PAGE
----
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Title: Atmospheric-pressure glow plasma synthesis of plasmonic and photoluminescent zinc oxide nanocrystals

Abstract

In this paper, we present a large-volume (non-micro) atmospheric pressure glow plasma capable of rapid, large-scale zinc oxide nanocrystal synthesis and deposition (up to 400 μg/min), whereas in the majority of the literature, nanoparticles are synthesized using micro-scale or filamentary plasmas. The reactor is an RF dielectric barrier discharge with a non-uniform gap spacing. This design encourages pre-ionization during the plasma breakdown, making the discharge uniform over a large volume. The produced zinc oxide nanocrystals typically have diameters ranging from 4 to 15 nm and exhibit photoluminescence at ≈550 nm and localized surface plasmon resonance at ≈1900 cm{sup −1} due to oxygen vacancies. The particle size can be tuned to a degree by varying the gas temperature and the precursor mixing ratio.

Authors:
; ; ;  [1];  [2]
  1. Department of Mechanical Engineering, University of Minnesota, Minneapolis, Minnesota 55455 (United States)
  2. Department of Chemical Engineering, University of Minnesota, Minneapolis, Minnesota 55455 (United States)
Publication Date:
OSTI Identifier:
22596661
Resource Type:
Journal Article
Resource Relation:
Journal Name: Journal of Applied Physics; Journal Volume: 119; Journal Issue: 24; Other Information: (c) 2016 Author(s); Country of input: International Atomic Energy Agency (IAEA)
Country of Publication:
United States
Language:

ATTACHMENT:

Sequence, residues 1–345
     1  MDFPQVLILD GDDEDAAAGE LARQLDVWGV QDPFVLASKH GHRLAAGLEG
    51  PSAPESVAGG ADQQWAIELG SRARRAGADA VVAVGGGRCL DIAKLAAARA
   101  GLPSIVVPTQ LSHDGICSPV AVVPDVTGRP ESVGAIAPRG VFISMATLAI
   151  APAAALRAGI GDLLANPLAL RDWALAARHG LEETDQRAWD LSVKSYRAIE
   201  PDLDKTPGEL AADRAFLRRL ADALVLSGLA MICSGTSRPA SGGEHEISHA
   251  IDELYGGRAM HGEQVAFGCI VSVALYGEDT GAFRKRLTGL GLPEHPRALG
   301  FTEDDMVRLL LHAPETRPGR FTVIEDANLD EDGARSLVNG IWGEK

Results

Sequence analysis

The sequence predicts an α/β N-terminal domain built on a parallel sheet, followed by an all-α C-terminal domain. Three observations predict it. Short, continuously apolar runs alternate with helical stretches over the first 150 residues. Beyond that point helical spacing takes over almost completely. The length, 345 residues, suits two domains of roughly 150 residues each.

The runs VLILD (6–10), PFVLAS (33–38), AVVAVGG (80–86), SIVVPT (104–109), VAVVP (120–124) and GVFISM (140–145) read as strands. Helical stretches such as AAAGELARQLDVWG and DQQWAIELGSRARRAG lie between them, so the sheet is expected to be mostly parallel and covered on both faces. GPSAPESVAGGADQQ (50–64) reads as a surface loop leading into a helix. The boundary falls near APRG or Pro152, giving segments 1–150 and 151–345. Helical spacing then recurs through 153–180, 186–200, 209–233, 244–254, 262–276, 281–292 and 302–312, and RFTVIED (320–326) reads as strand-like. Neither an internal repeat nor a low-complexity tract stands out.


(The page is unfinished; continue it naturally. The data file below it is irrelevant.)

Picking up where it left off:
English
Subject:
71 CLASSICAL AND QUANTUM MECHANICS, GENERAL PHYSICS; 75 CONDENSED MATTER PHYSICS, SUPERCONDUCTIVITY AND SUPERFLUIDITY; ATMOSPHERIC PRESSURE; BREAKDOWN; DEPOSITION; DIELECTRIC MATERIALS; IONIZATION; MIXING; MIXING RATIO; NANOPARTICLES; NANOSTRUCTURES; OXYGEN; PARTICLE SIZE; PHOTOLUMINESCENCE; PLASMA; PLASMONS; PRECURSOR; RESONANCE; SURFACES; SYNTHESIS; VACANCIES; ZINC OXIDES

Citation Formats

Bilik, N., E-mail: bilik006@umn.edu, E-mail: kortshagen@umn.edu, Greenberg, B. L., Yang, J., Kortshagen, U. R., E-mail: bilik006@umn.edu, E-mail: kortshagen@umn.edu, and Aydil, E. S. Atmospheric-pressure glow plasma synthesis of plasmonic and photoluminescent zinc oxide nanocrystals. United States: N. p., 2016. Web. doi:10.1063/1.4954323.
Bilik, N., E-mail: bilik006@umn.edu, E-mail: kortshagen@umn.edu, Greenberg, B. L., Yang, J., Kortshagen, U. R., E-mail: bilik006@umn.edu, E-mail: kortshagen@umn.edu, & Aydil, E. S. Atmospheric-pressure glow plasma synthesis of plasmonic and photoluminescent zinc oxide nanocrystals. United States. doi:10.1063/1.4954323.
Bilik, N., E-mail: bilik006@umn.edu, E-mail: kortshagen@umn.edu, Greenberg, B. L., Yang, J., Kortshagen, U. R., E-mail: bilik006@umn.edu, E-mail: kortshagen@umn.edu, and Aydil, E. S. 2016. "Atmospheric-pressure glow plasma synthesis of plasmonic and photoluminescent zinc oxide nanocrystals". United States. doi:10.1063/1.4954323.
@article{osti_22596661,
title = {Atmospheric-pressure glow plasma synthesis of plasmonic and photoluminescent zinc oxide nanocrystals},
author = {Bilik, N., E-mail: bilik006@umn.edu, E-mail: kortshagen@umn.edu and Greenberg, B. L. and Yang, J. and Kortshagen, U. R., E-mail: bilik006@umn.edu, E-mail: kortshagen@umn.edu and Aydil, E. S.},
abstractNote = {In this paper, we present a large-volume (non-micro) atmospheric pressure glow plasma capable of rapid, large-scale zinc oxide nanocrystal synthesis and deposition (up to 400 μg/min), whereas in the majority of the literature, nanoparticles are synthesized using micro-scale or filamentary plasmas. The reactor is an RF dielectric barrier discharge with a non-uniform gap spacing. This design encourages pre-ionization during the plasma breakdown, making the discharge uniform over a large volume. The produced zinc oxide nanocrystals typically have diameters ranging from 4 to 15 nm and exhibit photoluminescence at ≈550 nm and localized surface plasmon resonance at ≈1900 cm{sup −1} due to oxygen vacancies. The particle size can be tuned to a degree by varying the gas temperature and the precursor mixing ratio.},
doi = {10.1063/1.4954323},
journal = {Journal of Applied Physics},
number = 24,
volume = 119,
place = {United States},
year = 2016,
month = 6
}
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